The Trump administration's decision to rescind the DACA program
The Trump administration on September 5th, 2017 decided to rescind the Deferred Action for Childhood Arrivals (DACA) program that was initiated by Obama administration to protect close to 800,000 children that were living illegally in the country. These children, commonly referred to as the Dreamers, were allowed to work and go to school in the country without the fear of deportation (Brooks).
Disagreement with Trump's plan
I fail to agree with Trump's plan since it subjects almost eight hundred thousand Dreamers to deportation. The proposal is a strategy to elevate the white supremacy and bring down legal immigration to levels close to the racial quotas of the 1920s. I believe that they should be allowed to renew their application and be allowed to compete fairly with locals both in education and work. The Congress should also act first to come up with legislation that permanently resolves the issue of immigration to remove the DACA issue from political interference. The bipartisan deal should be adopted to ensure legal status for the Dreamers (Pierce et al.).
Alignment with conservatism view
My opinion that DACA program should not be abolished as proposed by Trump’s administration perfectly aligns with conservatism view that it would be against American ideologies and unfair to the would-be immigrants. My view also agrees with the ideology of social Darwinism on the survival of the fitness. The locals should not feel threatened by the DACA immigrants but should embrace the spirit of healthy competition. My viewpoint is however contrary to the libertarianism ideology that holds that the state must be kept extremely small and that the role of the government should only be to protect the life, liberty, and property of its citizens. On liberalism, the country should be able to overcome the immigration issue especially the handling of DACA without the emergence of conflicts between political parties or between the judiciary and the government (Fund, John).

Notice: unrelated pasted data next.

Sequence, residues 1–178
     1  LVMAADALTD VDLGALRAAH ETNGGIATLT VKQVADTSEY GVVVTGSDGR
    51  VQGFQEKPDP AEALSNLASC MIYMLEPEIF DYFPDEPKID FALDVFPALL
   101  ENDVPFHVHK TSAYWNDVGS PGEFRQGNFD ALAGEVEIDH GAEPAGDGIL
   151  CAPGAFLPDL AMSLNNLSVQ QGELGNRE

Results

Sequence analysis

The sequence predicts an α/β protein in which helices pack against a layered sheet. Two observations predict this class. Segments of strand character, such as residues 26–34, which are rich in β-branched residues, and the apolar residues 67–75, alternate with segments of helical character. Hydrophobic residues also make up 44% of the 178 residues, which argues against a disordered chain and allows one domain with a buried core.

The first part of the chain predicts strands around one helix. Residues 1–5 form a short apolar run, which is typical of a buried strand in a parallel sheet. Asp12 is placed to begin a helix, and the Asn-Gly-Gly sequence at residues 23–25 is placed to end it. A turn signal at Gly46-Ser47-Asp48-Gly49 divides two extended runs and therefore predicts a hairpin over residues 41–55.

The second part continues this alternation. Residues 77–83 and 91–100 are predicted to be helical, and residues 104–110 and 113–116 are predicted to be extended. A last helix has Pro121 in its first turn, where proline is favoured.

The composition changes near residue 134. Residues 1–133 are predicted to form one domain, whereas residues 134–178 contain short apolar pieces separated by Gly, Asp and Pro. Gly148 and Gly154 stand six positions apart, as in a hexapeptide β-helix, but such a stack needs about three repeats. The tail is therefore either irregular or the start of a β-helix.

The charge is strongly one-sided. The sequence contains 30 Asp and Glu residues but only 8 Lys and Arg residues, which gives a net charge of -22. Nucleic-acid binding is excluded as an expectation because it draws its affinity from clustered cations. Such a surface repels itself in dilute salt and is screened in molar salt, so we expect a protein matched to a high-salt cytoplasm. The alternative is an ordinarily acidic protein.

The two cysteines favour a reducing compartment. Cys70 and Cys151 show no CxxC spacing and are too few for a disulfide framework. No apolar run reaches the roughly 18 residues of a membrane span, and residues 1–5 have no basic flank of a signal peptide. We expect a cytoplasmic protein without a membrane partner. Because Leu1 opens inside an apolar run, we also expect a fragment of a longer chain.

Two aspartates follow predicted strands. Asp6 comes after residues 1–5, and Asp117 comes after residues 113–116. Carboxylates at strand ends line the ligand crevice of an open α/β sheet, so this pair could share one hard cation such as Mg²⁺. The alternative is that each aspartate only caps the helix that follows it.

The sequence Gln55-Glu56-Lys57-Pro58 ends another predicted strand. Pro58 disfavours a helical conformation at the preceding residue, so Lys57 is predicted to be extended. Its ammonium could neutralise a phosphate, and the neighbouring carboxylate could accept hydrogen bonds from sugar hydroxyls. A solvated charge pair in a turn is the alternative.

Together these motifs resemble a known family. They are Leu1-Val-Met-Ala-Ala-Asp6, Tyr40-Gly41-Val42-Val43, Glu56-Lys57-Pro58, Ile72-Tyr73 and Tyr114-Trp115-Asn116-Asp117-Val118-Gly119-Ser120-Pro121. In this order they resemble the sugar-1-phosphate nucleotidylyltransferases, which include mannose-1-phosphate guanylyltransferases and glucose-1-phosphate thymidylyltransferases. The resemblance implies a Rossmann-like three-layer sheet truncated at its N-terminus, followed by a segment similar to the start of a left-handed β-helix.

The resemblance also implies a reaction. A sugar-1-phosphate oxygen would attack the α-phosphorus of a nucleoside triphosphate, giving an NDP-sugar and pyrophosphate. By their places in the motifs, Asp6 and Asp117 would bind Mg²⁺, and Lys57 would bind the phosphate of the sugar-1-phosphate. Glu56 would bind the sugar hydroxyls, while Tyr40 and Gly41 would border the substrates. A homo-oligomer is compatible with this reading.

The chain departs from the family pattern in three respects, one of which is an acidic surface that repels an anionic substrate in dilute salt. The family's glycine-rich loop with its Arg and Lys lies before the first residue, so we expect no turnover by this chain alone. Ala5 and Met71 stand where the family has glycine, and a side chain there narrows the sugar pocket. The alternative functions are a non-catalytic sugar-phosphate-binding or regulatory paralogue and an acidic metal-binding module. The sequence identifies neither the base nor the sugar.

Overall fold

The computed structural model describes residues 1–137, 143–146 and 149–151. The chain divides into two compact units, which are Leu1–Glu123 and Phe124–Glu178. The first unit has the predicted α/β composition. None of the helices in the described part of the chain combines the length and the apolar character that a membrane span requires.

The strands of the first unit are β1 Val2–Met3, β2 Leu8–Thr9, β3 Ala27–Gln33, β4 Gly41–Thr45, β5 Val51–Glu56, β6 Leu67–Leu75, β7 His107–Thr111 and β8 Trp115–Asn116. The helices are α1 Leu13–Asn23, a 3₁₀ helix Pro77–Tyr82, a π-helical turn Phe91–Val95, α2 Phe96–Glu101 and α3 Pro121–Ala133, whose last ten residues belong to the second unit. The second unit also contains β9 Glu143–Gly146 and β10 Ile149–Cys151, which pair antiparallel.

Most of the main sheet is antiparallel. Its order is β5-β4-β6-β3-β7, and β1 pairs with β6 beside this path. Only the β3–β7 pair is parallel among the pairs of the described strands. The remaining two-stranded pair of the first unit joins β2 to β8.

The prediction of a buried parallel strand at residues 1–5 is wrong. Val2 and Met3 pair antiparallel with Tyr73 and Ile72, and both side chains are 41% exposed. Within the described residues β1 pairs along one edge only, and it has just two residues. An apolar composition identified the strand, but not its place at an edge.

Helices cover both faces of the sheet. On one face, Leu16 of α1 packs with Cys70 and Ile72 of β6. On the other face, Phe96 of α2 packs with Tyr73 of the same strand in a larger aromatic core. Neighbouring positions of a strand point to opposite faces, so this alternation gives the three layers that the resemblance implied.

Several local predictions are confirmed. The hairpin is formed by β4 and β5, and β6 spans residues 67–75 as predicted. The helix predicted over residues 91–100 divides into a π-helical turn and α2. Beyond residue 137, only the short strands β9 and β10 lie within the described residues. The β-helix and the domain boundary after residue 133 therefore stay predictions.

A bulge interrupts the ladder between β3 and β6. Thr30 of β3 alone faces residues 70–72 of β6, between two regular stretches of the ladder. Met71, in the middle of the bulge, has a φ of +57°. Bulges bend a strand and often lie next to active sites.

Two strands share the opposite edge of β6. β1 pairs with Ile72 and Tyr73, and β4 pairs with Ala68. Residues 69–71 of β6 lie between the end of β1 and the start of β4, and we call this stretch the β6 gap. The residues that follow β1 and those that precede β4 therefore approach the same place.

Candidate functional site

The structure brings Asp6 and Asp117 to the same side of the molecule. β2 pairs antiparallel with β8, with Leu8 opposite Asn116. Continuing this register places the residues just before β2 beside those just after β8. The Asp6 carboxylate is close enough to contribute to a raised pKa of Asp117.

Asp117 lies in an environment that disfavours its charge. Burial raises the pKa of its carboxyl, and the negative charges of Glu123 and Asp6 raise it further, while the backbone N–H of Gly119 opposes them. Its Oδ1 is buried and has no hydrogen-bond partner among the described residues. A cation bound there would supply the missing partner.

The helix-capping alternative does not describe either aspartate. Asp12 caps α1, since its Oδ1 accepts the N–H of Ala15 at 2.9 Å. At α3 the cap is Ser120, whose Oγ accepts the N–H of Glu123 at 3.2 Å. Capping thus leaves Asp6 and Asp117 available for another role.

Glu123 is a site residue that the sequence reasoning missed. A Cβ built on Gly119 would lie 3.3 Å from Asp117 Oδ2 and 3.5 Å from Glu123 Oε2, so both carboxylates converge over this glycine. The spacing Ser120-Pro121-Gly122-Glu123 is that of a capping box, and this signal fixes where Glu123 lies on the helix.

Evidence needed to change my view
The evidence that I need to change my view on the dissolution of DACA program is that doing so will improve the state of security in the country. It also should convenience me that such action aligns with the American ideologies. The evidence should also indicate that there will be improvements in the lives of the locals after the program is abolished. The evidence is not yet available as many indications point at numerous detrimental effects associated with bringing down of the DACA program.
Overcoming bias and discrimination
I previously thought that the influx of DACA in the country would result in loss of jobs opportunities and also decreased chances of joining the best schools due to increased competition. The bias may have been created by the discussion in media, entertainment industry and also in politics that pointed out how immigrants were taking over and displacing the locals in many areas. The bias is negative since it promotes discrimination on racial basis and xenophobia.
Ensuring the security of the country is one of the primary roles of the government. However, this should not come with steep prices such as denying people their rights. DACA program was initiated by Obama to give legal rights to schooling and work to those children who immigrated to the country with their parents but are not legal citizens. The plan by Trump’s administration to abolish the program would result in the deportation of these children from the only place they have come to know as their home. The Congress needs to agree on the bipartisan deal to give the DACA recipients legal rights to be American citizens.
Brooks, Shelley. "of our." (2018).
Fund, John. "DACA: If Trump Plays His Cards Right He's Just Made A Brilliant Move On Immigration." Fox News, 2017, http://www.foxnews.com/opinion/2017/09/05/daca-if-trump-plays-his-cards-right-hes-just-made-brilliant-move-on-immigration.html.
Pierce, Sarah, Jessica Bolter, and Andrew Selee. "Topics see all." Migration